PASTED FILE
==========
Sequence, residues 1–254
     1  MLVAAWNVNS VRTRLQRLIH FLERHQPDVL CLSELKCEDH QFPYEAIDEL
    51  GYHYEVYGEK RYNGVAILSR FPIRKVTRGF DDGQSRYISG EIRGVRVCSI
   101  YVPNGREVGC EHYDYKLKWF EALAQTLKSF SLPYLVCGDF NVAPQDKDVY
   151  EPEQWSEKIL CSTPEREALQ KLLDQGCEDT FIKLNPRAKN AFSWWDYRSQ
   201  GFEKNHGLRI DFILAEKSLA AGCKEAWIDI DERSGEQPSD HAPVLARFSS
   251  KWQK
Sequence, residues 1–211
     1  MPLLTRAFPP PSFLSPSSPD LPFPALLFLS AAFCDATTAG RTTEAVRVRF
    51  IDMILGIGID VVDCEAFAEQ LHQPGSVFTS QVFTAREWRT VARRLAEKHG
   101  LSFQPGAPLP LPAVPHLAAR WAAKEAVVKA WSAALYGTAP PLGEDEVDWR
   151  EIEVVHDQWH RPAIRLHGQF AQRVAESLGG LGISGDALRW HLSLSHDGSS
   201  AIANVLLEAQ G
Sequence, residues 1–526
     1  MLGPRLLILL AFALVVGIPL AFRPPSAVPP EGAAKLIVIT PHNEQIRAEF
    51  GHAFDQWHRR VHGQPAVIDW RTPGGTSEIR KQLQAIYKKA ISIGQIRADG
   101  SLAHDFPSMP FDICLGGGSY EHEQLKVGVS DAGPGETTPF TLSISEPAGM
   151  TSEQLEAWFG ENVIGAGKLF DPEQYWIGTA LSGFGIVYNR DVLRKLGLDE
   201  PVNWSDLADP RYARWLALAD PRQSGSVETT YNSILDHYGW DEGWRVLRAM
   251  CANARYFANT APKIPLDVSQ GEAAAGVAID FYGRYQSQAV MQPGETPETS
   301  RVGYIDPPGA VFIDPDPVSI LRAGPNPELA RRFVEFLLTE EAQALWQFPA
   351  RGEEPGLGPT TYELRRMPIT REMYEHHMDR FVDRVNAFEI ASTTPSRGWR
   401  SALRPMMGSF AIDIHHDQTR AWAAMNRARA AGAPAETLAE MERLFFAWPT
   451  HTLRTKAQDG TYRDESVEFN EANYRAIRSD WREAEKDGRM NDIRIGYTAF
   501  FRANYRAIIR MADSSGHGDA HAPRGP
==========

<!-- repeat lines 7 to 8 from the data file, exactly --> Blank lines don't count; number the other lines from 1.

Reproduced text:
   251  KWQK
Sequence, residues 1–211